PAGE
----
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Are Forced-Air Infection Claims a Bunch of Hot Air?

Some dismiss charges against Bair Hugger as "commercially driven junk science."

Published: December 9, 2015

What if your Bair Hugger system does more than keep patients warm and toasty? What if the waste heat from the forced-air warming unit also spreads airborne contaminants that can cause infections, as several recent lawsuits allege?

It's one of the burning questions surrounding patient warming: Do forced-air warmers, which have been used on more than 200 million patients, circulate contaminants that can cause wound infections?

A slew of patients have sued 3M in recent months, claiming that the Bair Hugger system caused the infections they sustained during surgery. 3M said there is no evidence that the Bair Hugger system causes infections during surgery, citing decades of research and clinical experience. In court filings, lawyers for 3M said allegations are largely based on anesthesiologist Scott Augustine's "unsupported theories that were part of his smear campaign against the Bair Hugger to promote his own competitive device.'' Read more in the December issue of Outpatient Surgery Magazine.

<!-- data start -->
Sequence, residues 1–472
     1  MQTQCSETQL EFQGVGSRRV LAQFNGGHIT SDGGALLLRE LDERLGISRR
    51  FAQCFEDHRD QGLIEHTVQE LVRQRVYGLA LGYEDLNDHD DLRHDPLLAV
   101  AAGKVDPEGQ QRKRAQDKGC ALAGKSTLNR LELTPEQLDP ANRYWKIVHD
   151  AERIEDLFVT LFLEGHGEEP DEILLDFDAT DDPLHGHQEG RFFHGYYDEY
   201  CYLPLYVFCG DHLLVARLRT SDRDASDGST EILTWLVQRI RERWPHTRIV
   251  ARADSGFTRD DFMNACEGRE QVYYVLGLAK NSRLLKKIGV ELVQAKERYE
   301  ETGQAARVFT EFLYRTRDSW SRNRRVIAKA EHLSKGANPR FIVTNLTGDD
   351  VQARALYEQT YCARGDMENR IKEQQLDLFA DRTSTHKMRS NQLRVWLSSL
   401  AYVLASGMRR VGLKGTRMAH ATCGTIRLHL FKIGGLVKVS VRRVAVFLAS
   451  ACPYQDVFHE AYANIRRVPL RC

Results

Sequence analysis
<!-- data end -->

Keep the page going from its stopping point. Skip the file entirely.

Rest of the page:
Dr. Augustine invented the Bair Hugger in 1987. After a contentious split from the company that sold the Bair Hugger to 3M, he invented the HotDog patient warming system, an air-free device that works similar to an electric blanket, warming the patient from above and below simultaneously. Dr. Augustine claims in an article in the The New York Times that the company selling the Bair Hugger knew of the infection risk as far back as 2010 and was covering up this danger to keep sales strong.

Dan O'Connor


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